“Wow, look at this! A three-page article full of photos of Diana and her kids.” I exclaimed to my wife, Sarah. What an impressive article, detailing her background, her personal struggles, her ordeal in coming to Minneapolis, her children. “How terrific.” I thought. Mary’s place had soon after found them an apartment in section 8 housing in a Minneapolis suburb. No sooner had they moved in, their apartment was filled with gifts from all throughout the state of Minnesota. The citizenry of Minnesota was taken aghast by her story of struggle. They felt so much sympathy and compassion that from Winona to Rochester, Moorhead to Bimidji, St. Paul to Mankato, International Falls to Duluth, their new home now had furniture, TVs, food, toys, clothing and gifts of all kinds. And they continued to receive gifts for over a year. “Oh! I should’ve mentioned I needed a car in that interview.” she shouted as more gifts arrived one day. Except for the gifts, Ms. C. planned it all. Truth is, she kept every bit of it. The graciousness of Minnesotans granted, they were hoodwinked and bamboozled. Gracious yet naive, they were purposely taken advantage of. Probably two or three years later, now she owned a home in North Minneapolis. How was that?! Mrs. C. knew how to milk the system. She hadn’t worked a day ever since I met her, as intelligent as she is. Minnesota is now populated by many domestic immigrants from Chicago, doing the same - copy cats. Minnesota is now populated by many an illegal immigrant doing the same. One of the highest taxed states in the union, Minnesota was way ahead of the federal government with all its social welfare programs. President Biden’s administration is fulfilling that same agenda nationwide with the illegals. People aren’t stupid. If it is there, take it. Taking it is easy along with a naive populace that encourages it. Welfare of course exists to help families and individuals emerge from their dire conditions in life. But the same old lesson returns, it breeds a culture of non-productivity and leeching. Those who want to take rather than contribute.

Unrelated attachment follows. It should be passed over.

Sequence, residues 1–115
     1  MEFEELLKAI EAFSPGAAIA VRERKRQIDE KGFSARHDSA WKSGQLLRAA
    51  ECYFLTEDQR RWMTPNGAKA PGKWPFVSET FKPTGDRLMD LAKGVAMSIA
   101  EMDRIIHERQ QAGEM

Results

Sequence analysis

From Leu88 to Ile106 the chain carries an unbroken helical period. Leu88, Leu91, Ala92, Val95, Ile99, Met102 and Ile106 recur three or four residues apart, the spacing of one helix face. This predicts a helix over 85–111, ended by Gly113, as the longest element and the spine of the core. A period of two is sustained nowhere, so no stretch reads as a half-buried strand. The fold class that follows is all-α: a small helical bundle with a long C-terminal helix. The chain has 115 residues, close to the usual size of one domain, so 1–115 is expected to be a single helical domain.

As for Ms. C’s children, they are grown now, and have families of their own. I guess she did well for her children again. I don’t know about the subsequent domestic and illegal immigrants. I don’t know them personally. We still keep in touch with the older son and daughter, with phone calls but mostly on Facebook. Their children are all school aged, ready to face the world. Minnesota and especially Minneapolis is not the same as before the 1990s. Riots and extreme ideological propaganda have helped deteriorate this once relatively crime free and Christian culture. God be with them.
Baglino, Michael J. “Homelessness and Naivete.” www.Catholic365.com